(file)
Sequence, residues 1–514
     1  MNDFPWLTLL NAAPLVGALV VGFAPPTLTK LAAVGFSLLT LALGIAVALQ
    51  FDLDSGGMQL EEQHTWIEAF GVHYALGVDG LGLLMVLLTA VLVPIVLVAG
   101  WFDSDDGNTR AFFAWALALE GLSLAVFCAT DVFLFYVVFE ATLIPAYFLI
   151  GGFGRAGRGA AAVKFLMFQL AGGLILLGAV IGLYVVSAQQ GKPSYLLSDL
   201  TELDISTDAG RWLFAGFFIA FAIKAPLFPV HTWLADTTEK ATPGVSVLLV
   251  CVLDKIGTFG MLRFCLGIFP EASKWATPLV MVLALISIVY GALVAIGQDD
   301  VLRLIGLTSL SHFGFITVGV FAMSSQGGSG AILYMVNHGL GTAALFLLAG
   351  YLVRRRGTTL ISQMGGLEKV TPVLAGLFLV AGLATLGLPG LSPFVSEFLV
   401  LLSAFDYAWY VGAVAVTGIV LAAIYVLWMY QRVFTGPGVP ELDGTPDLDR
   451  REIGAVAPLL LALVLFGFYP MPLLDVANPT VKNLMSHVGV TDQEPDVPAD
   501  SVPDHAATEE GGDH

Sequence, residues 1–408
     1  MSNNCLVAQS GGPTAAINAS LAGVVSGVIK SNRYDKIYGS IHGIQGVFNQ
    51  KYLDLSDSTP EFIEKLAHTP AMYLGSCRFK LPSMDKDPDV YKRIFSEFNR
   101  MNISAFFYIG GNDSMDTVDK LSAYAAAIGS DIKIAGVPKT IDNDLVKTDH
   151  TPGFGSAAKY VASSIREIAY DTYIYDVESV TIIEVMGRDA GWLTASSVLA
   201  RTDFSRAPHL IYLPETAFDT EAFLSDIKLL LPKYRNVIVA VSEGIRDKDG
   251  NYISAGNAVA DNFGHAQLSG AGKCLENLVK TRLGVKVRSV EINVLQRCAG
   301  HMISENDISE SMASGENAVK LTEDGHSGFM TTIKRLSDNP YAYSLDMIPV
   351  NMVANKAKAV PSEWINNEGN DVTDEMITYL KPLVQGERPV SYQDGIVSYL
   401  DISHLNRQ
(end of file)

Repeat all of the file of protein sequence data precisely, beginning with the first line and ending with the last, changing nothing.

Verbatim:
Sequence, residues 1–514
     1  MNDFPWLTLL NAAPLVGALV VGFAPPTLTK LAAVGFSLLT LALGIAVALQ
    51  FDLDSGGMQL EEQHTWIEAF GVHYALGVDG LGLLMVLLTA VLVPIVLVAG
   101  WFDSDDGNTR AFFAWALALE GLSLAVFCAT DVFLFYVVFE ATLIPAYFLI
   151  GGFGRAGRGA AAVKFLMFQL AGGLILLGAV IGLYVVSAQQ GKPSYLLSDL
   201  TELDISTDAG RWLFAGFFIA FAIKAPLFPV HTWLADTTEK ATPGVSVLLV
   251  CVLDKIGTFG MLRFCLGIFP EASKWATPLV MVLALISIVY GALVAIGQDD
   301  VLRLIGLTSL SHFGFITVGV FAMSSQGGSG AILYMVNHGL GTAALFLLAG
   351  YLVRRRGTTL ISQMGGLEKV TPVLAGLFLV AGLATLGLPG LSPFVSEFLV
   401  LLSAFDYAWY VGAVAVTGIV LAAIYVLWMY QRVFTGPGVP ELDGTPDLDR
   451  REIGAVAPLL LALVLFGFYP MPLLDVANPT VKNLMSHVGV TDQEPDVPAD
   501  SVPDHAATEE GGDH

Sequence, residues 1–408
     1  MSNNCLVAQS GGPTAAINAS LAGVVSGVIK SNRYDKIYGS IHGIQGVFNQ
    51  KYLDLSDSTP EFIEKLAHTP AMYLGSCRFK LPSMDKDPDV YKRIFSEFNR
   101  MNISAFFYIG GNDSMDTVDK LSAYAAAIGS DIKIAGVPKT IDNDLVKTDH
   151  TPGFGSAAKY VASSIREIAY DTYIYDVESV TIIEVMGRDA GWLTASSVLA
   201  RTDFSRAPHL IYLPETAFDT EAFLSDIKLL LPKYRNVIVA VSEGIRDKDG
   251  NYISAGNAVA DNFGHAQLSG AGKCLENLVK TRLGVKVRSV EINVLQRCAG
   301  HMISENDISE SMASGENAVK LTEDGHSGFM TTIKRLSDNP YAYSLDMIPV
   351  NMVANKAKAV PSEWINNEGN DVTDEMITYL KPLVQGERPV SYQDGIVSYL
   401  DISHLNRQ